I struggled with the idea of writing this thank you letter in the first place because words will never be enough to tell SEAL – and tell the world – just how much I was changed. Each year brought new SEALs, new advisors, new challenges, and each year, I grew more and more into myself. My sophomore year, I facilitated for the first time, and realized how much there truly is to the word “leadership.” I heard about this new leadership studies minor and yearned for it – but knew that there was no room in my schedule for the next few years. At the end of my sophomore year, I was elected Chair of SEAL – and there began the best and hardest year and experience of my life. I won’t bore you with every little bit of myself that I poured into that year (I already bored you with that last April), but I will tell you that I fell in love with leadership development and came to the true realization that leadership is not a title – it’s in all of us. Leadership starts with trust and teamwork and we each have the potential for so much if we only take that first step out of our comfort zone. I ended junior year knowing that teaching was no longer for me – but not really knowing what was. I was lost, confused, but I found solace in one place. I found solace in the Amelia Room, I found solace at the table in the corner of the library with the paper flag waving, I found solace in the hearts and souls of the humans I was so blessed to share SEAL with.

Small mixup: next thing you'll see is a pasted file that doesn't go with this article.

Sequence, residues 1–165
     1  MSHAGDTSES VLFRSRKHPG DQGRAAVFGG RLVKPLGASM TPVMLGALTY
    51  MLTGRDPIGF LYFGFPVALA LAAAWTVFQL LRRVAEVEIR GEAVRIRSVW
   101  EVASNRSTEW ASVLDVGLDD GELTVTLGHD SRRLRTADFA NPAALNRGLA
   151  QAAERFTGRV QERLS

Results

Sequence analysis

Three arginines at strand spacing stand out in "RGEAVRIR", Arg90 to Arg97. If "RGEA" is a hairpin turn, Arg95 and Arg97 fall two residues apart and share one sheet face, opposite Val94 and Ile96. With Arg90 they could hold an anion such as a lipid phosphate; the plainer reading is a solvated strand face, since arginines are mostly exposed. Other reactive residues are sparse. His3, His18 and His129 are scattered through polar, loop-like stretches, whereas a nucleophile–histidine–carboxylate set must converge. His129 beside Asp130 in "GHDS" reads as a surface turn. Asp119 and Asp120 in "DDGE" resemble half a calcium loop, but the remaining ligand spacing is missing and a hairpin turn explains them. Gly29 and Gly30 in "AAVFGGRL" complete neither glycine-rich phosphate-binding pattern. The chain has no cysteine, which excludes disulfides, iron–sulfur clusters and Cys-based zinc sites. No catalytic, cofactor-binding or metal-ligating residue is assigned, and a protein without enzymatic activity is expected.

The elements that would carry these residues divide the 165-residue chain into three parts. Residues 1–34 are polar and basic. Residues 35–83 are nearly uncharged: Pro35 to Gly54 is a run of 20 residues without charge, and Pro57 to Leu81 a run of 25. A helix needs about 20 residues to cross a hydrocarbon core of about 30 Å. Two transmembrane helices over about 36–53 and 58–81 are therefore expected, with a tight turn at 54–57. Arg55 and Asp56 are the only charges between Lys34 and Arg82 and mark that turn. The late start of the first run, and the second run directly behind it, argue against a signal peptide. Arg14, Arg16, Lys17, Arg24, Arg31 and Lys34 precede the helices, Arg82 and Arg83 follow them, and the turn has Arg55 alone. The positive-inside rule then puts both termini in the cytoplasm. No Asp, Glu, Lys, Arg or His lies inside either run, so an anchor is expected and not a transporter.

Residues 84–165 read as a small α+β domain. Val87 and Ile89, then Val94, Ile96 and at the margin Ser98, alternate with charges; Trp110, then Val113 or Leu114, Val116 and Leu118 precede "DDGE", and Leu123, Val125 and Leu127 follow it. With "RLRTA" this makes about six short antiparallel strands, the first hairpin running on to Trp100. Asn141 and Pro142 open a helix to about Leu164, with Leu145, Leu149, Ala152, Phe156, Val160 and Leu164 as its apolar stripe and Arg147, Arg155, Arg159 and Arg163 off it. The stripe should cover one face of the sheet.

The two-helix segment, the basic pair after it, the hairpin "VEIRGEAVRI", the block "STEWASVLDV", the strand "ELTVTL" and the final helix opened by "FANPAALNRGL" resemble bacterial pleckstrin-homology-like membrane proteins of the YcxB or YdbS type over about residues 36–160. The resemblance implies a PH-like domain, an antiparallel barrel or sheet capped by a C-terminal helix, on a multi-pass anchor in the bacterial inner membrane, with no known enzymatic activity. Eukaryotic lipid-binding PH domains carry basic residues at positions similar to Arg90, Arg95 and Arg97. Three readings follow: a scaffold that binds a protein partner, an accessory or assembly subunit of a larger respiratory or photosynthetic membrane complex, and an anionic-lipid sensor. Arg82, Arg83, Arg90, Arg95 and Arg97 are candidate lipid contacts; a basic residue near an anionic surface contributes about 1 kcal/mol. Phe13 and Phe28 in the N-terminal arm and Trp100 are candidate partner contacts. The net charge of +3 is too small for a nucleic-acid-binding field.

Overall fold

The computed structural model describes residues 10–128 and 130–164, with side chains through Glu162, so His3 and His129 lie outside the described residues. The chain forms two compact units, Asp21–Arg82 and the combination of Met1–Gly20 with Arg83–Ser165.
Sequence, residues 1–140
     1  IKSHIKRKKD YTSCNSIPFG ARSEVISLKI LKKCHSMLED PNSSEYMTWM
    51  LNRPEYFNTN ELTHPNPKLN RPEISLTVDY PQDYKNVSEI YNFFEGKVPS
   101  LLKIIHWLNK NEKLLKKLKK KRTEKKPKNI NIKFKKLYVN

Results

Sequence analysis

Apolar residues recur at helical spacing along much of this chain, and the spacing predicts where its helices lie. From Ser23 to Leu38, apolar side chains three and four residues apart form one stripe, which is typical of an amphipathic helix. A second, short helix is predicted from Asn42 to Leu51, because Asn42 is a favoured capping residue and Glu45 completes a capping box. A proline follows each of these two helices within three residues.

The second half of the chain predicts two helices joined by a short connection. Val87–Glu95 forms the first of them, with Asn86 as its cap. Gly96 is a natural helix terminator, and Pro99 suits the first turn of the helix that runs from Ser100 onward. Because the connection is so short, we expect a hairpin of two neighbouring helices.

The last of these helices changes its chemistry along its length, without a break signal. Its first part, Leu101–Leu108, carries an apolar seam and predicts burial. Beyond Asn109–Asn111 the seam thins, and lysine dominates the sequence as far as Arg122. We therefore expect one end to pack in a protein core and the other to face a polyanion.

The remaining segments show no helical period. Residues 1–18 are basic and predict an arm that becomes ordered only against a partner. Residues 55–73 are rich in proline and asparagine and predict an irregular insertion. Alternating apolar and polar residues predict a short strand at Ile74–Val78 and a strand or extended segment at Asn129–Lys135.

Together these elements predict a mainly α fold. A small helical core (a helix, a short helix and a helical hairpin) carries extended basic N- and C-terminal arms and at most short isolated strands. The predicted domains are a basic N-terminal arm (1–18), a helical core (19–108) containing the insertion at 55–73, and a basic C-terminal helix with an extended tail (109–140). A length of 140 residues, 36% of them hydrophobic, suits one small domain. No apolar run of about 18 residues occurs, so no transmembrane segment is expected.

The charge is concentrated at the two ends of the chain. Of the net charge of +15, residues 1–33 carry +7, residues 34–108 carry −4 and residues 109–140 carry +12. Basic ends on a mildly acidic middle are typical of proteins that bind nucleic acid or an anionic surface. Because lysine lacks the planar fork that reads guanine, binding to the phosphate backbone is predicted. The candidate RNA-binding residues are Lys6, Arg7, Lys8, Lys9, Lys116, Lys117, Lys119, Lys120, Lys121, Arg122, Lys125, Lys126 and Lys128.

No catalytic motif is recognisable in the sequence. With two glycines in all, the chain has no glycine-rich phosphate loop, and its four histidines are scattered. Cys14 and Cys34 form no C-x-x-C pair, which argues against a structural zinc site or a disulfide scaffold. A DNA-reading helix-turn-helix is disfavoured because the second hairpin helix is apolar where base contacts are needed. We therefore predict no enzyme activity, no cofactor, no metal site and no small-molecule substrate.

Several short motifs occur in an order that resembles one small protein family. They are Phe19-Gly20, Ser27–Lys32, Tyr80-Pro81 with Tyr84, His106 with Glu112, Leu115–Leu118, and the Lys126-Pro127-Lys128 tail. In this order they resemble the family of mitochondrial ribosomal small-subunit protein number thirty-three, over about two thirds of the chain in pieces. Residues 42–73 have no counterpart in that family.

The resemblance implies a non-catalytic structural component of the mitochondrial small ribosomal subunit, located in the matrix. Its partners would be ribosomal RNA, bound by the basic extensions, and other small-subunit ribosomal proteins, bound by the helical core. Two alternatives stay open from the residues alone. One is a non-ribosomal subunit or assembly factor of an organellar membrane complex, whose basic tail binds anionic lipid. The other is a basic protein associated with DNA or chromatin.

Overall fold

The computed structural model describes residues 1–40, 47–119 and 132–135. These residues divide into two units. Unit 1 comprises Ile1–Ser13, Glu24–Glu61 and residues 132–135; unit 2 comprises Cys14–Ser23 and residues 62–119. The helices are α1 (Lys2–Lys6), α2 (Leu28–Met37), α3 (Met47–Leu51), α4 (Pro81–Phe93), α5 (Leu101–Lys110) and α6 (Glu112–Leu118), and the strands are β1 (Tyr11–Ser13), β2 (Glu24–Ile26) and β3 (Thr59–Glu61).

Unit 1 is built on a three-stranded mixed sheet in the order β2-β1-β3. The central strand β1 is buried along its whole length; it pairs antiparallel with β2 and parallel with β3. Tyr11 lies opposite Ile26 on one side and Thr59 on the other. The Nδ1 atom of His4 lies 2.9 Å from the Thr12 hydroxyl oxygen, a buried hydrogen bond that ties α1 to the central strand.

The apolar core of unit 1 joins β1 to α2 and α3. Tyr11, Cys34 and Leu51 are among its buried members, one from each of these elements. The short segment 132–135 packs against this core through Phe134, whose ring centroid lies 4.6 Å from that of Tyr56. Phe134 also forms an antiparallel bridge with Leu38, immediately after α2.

When my senior year of college began, it all clicked. I understood how much I thrived when I was at the front table in the Amelia Room. I understood that I was happiest when I was in the woods, tied into a harness, asking processing questions to new students and watching their lightbulbs turn on. I spent two straight days over Charley’s brunch and course catalogs in my advisor’s office, dropping my education concentration and adding my leadership studies minor – the minor that caught my eye all those years ago. I’ve spent the last eight months learning about leadership – my days in classes learning the history of leadership theories and facilitation models and how effective organizations and businesses are run, followed by my afternoons, evenings, and weekends alongside SEAL – leading leadership conferences, running 5Ks (like, hosting the event…we don’t run), and climbing (or belaying, in my case) ropes courses. I’ve realized who I am. I’ve realized what I can do in this world and what my purpose is. Next month, I graduate with my Bachelor of Science Degree in Liberal Studies with a Leadership Studies minor. In August, I move to Pennsylvania to spend a year at a camp, under the sunshine, in the woods, tied into a harness and hopefully getting one step closer to working in adventure education and leadership development, the fields that I have come to realize how passionate I am about. I wouldn’t be where I am today, I wouldn’t be who I am today, if it wasn’t for SEAL.